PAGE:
Shared Joy is Twice the Joy, Shared Pain is Half the Pain

It Matters To Me That I Matter To You.

I never understood why people were so surprised that I wanted to travel across the country to go to college, or why my fellow students can’t understand how I see my family so infrequently (we’re talking a sum total of about four weeks since I started college). But now I think I get it. It isn’t really about having a family member nearby, but its about having someone who really cares about you. Someone older and wiser who will notice when you’re off, and take the moment to ask if you’re all right. Someone like our parents, who are always there to lend a hand or an ear when you really need one. Even though I understand why people want and need their families close by, I still don’t feel the same way.

The last time I felt like I truly and absolutely needed someone to talk to was definitely years ago. I’m not even sure when it was or what it was about, exactly. But I also know that I’ve never felt constrained to my parents for that kind of conversation. I’ve had as many soul-searching conversations with my teachers and other adults in my life as I’ve had with my mom or dad. In fact, the one that stands out the most is from sophomore year of high school, and was with my freshman English teacher. That’s not to say that my parents haven’t been influential; they were certainly an important, unwavering bastion of support throughout my life that I can’t dismiss. But as I grew up, they let me craft other formative relationships with other adults that I trusted. I suspect that I have a greater number of adults in my life that I feel comfortable talking to than most people my age, and I take advantage of their strengths in helping me analyze my weaknesses. I talked to a teacher when I couldn’t get my point across without frustration; I spoke with a widely-admired but soft-spoken leader when I needed help giving up control. I talk to my dad about academic issues and my mom about friendships. Each of them gives me a different perspective on the same issues, and that can all be done over the phone.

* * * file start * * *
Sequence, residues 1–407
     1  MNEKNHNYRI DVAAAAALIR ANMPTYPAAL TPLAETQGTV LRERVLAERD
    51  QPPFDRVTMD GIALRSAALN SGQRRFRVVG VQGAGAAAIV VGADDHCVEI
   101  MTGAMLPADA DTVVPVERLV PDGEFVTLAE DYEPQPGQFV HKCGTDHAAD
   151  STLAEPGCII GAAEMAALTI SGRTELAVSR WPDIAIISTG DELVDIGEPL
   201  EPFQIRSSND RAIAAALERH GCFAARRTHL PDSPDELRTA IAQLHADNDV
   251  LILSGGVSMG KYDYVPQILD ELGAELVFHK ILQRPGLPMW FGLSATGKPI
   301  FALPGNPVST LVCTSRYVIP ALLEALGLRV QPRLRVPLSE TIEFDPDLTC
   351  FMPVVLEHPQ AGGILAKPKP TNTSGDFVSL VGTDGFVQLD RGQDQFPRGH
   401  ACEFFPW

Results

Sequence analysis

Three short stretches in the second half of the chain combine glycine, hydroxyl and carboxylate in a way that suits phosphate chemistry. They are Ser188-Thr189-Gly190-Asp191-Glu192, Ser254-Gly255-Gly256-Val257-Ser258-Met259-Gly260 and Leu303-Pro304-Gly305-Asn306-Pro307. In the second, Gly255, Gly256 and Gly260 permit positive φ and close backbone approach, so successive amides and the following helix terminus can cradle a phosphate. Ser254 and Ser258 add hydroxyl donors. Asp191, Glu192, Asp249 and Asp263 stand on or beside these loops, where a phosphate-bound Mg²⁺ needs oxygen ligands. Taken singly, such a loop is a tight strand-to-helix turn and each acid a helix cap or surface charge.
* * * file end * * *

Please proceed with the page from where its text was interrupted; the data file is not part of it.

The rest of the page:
But something happened today that hasn’t happened since I left home.

I got a “Mom look.” Not the stop-what-you’re-doing-right-now-or-you’re-in-lots-of-trouble look, but the oh-no!-you-should-get-help-for-that look, which is often, including today, accompanied by “Do you want me to call ____ for you?” You know, that face all mothers acquire when you offhandedly mention something physically or emotionally worrisome or painful.

I brushed it aside with a smile, because I had places to go and things to do and I’m not about to let the mere fact that it hurts to sit or lift anything heavier than a paperback keep me from working and studying. But it meant a lot to me. That simple moment, when I realized what I’ve been missing.

I haven’t been missing my insightful conversations: a simple phone call provides those. I haven’t been missing affection: there are plenty of packages from home and lovely letters. I haven’t been missing important events: there’s always informative emails with photos. I haven’t even been missing concern: my close friends here know what’s going on with me, and they’re always asking how I’m doing and checking in.